World’s Oldest Rhino, Fausta Died at the Age of 57 Years
Fausta was first found in the year 1965 at an age between three and four years by the conservationists, after that she roamed freely in the Ngorongoro crater.
The rhino, who is believed to be the world’s oldest living rhino, has finally died in the Tanzanian animal conservation area in Tanzania recently at the age of 57 years. Fausta, the female black rhino has died of natural causes in captivity in the Ngorongoro Conservation, the state conservation body has officially informed.
“Records show that Fausta lived (longer) than any rhino in the world and survived in the Ngorongoro, free-ranging, for more than 54 years before she was kept in a sanctuary for the last three years of her life in 2016. Fausta survived 57 years without bearing calves”, Ngorongoro Conservation Area Authority statement said.
Fausta was first found in the year 1965 at an age between three and four years by the conservationists, after that she roamed freely in the Ngorongoro crater. But in the year 2016, she was attacked by hyenas, since then her health started to deteriorate, in particular, her eyesight.
At that time she was bought to the conservation area. Health issues finally cropped up in her old age, which bound her to spend her final three years receiving specialist care in the sanctuary, where she finally passed away peacefully.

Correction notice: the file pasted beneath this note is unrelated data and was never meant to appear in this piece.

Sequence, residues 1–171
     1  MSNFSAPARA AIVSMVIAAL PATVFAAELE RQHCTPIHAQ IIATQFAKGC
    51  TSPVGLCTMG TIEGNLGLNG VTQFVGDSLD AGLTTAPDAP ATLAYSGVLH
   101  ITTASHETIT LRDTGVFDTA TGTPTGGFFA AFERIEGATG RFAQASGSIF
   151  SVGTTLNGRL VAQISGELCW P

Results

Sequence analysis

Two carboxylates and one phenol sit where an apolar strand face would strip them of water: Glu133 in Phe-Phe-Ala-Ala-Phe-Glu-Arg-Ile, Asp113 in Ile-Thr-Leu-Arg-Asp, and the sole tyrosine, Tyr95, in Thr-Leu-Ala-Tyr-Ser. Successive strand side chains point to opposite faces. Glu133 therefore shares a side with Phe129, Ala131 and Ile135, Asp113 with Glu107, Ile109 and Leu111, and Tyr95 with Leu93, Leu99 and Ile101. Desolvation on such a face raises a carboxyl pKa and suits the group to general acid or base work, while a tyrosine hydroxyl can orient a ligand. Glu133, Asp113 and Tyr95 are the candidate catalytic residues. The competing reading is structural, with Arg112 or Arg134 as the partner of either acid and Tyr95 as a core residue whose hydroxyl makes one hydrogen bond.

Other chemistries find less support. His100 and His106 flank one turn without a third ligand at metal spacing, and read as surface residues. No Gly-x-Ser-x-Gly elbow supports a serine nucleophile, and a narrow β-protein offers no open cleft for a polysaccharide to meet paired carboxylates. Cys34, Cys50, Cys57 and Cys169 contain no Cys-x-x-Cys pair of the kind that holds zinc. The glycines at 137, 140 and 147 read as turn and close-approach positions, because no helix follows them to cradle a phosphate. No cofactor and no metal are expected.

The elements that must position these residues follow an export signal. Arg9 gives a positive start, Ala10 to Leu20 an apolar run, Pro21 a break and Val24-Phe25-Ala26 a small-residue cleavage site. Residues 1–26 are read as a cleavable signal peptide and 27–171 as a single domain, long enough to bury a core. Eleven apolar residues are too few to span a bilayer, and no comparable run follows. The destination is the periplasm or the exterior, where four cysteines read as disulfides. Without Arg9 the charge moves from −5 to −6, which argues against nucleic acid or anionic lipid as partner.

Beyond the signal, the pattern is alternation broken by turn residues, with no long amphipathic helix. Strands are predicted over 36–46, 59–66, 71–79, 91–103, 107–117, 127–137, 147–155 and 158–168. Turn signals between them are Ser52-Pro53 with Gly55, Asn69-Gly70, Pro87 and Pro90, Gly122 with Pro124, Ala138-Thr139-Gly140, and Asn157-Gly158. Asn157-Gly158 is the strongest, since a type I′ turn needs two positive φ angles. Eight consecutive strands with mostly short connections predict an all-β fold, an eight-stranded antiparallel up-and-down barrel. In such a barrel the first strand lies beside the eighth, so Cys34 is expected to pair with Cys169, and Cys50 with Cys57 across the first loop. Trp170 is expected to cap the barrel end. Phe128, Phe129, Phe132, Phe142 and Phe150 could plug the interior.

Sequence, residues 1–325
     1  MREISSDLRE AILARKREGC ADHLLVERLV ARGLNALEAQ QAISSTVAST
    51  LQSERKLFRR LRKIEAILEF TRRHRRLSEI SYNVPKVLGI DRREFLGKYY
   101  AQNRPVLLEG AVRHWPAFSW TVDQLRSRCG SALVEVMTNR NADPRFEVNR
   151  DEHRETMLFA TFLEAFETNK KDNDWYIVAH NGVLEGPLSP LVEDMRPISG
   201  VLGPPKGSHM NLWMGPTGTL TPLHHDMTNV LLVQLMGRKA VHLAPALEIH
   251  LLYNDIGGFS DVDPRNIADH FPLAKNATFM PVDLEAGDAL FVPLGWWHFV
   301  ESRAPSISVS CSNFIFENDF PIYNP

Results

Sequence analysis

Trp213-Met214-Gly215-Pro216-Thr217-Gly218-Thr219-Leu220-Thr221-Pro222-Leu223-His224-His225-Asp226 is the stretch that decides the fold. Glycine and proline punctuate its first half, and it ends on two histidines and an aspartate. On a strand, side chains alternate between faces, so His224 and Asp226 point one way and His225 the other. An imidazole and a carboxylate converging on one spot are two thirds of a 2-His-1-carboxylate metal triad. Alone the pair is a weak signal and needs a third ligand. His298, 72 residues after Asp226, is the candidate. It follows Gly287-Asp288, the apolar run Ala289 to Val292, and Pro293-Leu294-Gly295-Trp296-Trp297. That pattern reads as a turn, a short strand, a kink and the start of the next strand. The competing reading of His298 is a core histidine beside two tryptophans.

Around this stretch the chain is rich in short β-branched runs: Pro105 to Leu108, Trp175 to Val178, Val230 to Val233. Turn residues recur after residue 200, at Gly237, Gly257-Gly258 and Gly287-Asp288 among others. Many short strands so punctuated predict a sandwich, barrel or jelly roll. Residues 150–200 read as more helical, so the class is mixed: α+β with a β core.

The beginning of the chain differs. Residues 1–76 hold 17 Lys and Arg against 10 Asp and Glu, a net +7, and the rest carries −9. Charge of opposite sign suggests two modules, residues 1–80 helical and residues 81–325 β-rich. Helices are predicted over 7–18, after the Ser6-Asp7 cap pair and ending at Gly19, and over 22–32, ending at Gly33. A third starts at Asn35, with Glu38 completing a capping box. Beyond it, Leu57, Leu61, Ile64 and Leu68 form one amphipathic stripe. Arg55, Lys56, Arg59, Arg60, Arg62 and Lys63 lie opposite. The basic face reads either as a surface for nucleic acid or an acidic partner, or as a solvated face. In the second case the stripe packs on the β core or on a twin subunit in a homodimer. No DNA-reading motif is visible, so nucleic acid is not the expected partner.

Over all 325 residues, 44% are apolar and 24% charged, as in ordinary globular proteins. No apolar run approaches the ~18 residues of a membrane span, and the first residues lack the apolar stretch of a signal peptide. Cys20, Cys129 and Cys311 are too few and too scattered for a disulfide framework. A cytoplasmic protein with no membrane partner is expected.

“Vicious animals, especially hyenas, started attacking her and she received very serious sores. By 2016, we had to get her out of the wild and put her in special care”, Dr Freddy Manongi, from the Ngorongoro Conservation Authority. Dr Manongi added that on the day Fausta died, another rhino was born.
Fausta never had calves, something which the conservationists in Ngorongoro believes may have contributed to her long life. Normally a rhino's life expectancy is between 37 to 43 years in the wild but they can live an extra decade, up to 50 years if they can be kept in captivity, according to the Ngorongoro Authority.
According to charity ‘Save the Rhino’, decimated by poaching black rhinos now number is around 5,500 across the world. The smaller of the two African rhino species are found around south and east Africa, including South Africa, Kenya, Namibia, Tanzania and Zimbabwe.
The eastern black rhino is listed as a critically endangered rhino species. Though their numbers are found to be very low as the animals are often poached for their horn, the positive thing is that their population is increasing.